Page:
Throughout ‘Protective Edge,’ the IDF operated according to one of three predetermined activation levels for opening fire. The officers charged with opening fire received orders during the operation about activation levels at any given moment. These changes in activation levels, among other things, determined the kinds of weapons to be used, as well as the safety ranges from civilians. The definitions provided were at times ambiguous, leaving junior officers with much discretion regarding the amount of fire to use, and the acceptable degree of collateral damage that may be caused.
The limitations, which increasingly diminished as the operation progressed, and the changes in activation levels, were disregarded when there was suspicion that a soldier was kidnapped. A case in point is the Hannibal Directive in Rafah, or the rescue attempt of a Golani soldier in Shuja’iyya. During these episodes, there was fire on a much more massive scale directed into neighborhoods and populated areas, while disregarding the necessary safety ranges from the civilian population.
Massive fire was sometimes even activated during attacks launched at a distance, on targets designated in advance throughout the Strip. These attacks were planned and carried out by soldiers and officers positioned in command centers and attack cells outside the Strip, equipped with weapons that allow for precise targeting – whether with aircrafts or through other means.
The munitions used in such attacks, such as half-ton to one-ton missiles, were usually fired by advanced aircrafts. When attacking structures in this framework, the method of providing advance warning to residents in a house (in cases when the goal is not to harm them, but rather to harm the structure) allows for harming anyone who does not leave the area.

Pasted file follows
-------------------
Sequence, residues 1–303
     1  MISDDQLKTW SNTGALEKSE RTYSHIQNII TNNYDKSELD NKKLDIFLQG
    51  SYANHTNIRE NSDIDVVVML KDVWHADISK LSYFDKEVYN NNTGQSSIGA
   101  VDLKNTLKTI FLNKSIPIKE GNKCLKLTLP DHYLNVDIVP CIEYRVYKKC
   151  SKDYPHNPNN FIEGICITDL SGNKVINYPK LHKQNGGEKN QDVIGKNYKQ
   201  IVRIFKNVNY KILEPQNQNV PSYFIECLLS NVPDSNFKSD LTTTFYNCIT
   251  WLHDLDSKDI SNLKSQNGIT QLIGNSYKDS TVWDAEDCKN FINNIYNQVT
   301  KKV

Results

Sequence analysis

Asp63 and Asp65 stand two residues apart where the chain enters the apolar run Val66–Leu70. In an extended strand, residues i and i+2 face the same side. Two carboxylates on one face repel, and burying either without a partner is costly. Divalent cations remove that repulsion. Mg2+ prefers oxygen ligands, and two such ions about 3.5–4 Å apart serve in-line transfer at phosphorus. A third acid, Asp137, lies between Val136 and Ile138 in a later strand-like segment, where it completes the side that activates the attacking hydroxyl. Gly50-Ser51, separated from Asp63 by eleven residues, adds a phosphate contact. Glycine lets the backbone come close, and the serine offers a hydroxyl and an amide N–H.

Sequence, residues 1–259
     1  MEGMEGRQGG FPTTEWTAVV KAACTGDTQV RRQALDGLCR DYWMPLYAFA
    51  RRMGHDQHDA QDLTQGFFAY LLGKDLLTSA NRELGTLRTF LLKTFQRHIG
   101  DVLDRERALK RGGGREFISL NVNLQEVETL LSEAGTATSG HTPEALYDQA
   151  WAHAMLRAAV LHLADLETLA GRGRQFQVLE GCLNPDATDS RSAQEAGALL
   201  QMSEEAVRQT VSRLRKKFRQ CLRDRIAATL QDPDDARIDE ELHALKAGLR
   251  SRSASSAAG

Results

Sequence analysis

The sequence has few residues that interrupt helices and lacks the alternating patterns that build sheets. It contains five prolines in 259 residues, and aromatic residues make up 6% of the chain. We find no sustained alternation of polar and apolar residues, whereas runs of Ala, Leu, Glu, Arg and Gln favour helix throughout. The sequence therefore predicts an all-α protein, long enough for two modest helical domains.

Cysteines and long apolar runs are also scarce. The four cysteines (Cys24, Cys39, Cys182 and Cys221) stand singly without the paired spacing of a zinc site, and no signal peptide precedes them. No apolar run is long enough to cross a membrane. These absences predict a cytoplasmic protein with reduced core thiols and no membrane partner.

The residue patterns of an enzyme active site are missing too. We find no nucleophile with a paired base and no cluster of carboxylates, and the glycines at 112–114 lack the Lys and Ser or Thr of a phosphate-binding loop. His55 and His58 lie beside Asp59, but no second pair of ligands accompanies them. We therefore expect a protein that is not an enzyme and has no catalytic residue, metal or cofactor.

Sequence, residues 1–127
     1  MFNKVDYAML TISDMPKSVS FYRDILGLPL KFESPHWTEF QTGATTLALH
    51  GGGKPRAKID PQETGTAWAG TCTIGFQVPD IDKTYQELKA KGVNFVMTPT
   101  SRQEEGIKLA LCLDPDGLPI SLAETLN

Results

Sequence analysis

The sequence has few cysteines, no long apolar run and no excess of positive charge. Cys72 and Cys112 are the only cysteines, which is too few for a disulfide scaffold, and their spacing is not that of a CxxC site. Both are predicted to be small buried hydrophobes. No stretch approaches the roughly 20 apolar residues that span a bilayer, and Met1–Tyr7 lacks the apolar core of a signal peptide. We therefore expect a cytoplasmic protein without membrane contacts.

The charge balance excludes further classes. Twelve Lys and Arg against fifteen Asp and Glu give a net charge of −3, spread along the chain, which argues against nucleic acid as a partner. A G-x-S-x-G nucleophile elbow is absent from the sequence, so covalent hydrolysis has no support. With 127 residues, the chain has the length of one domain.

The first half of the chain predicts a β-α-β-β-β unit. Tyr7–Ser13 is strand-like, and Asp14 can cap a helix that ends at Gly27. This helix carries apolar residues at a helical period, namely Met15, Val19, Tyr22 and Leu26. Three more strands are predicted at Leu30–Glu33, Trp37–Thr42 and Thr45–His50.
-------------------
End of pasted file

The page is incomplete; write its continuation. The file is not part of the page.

The advance warnings included wide-scale use of the “roof knocking” approach. This practice calls for firing a small missile at the structure that does not cause significant damage to the building. A few seconds to a few minutes later, a missile is fired on the house in order to destroy it. The soldiers’ testimonies point to cases in which this practice rendered the advance warning ineffective, failing to prevent harm to innocent people. In addition, the testimonies reveal that similar principles to those that guided the ground forces were activated during these kinds of offensives. In moments when the targets were defined, there was no need to take the damage that would be caused to nearby property or structures into consideration.
In addition, the range of discretion officers were permitted in the various command centers was broader. According to officers that operated in command centers, there was a broad range of discretion allowed for reaching decisions regarding the identification of targets (authorization for identifying a target on the basis of intelligence). Permission was provided, in some cases, without being based sufficiently on intelligence, thus haphazardly endangering civilian lives.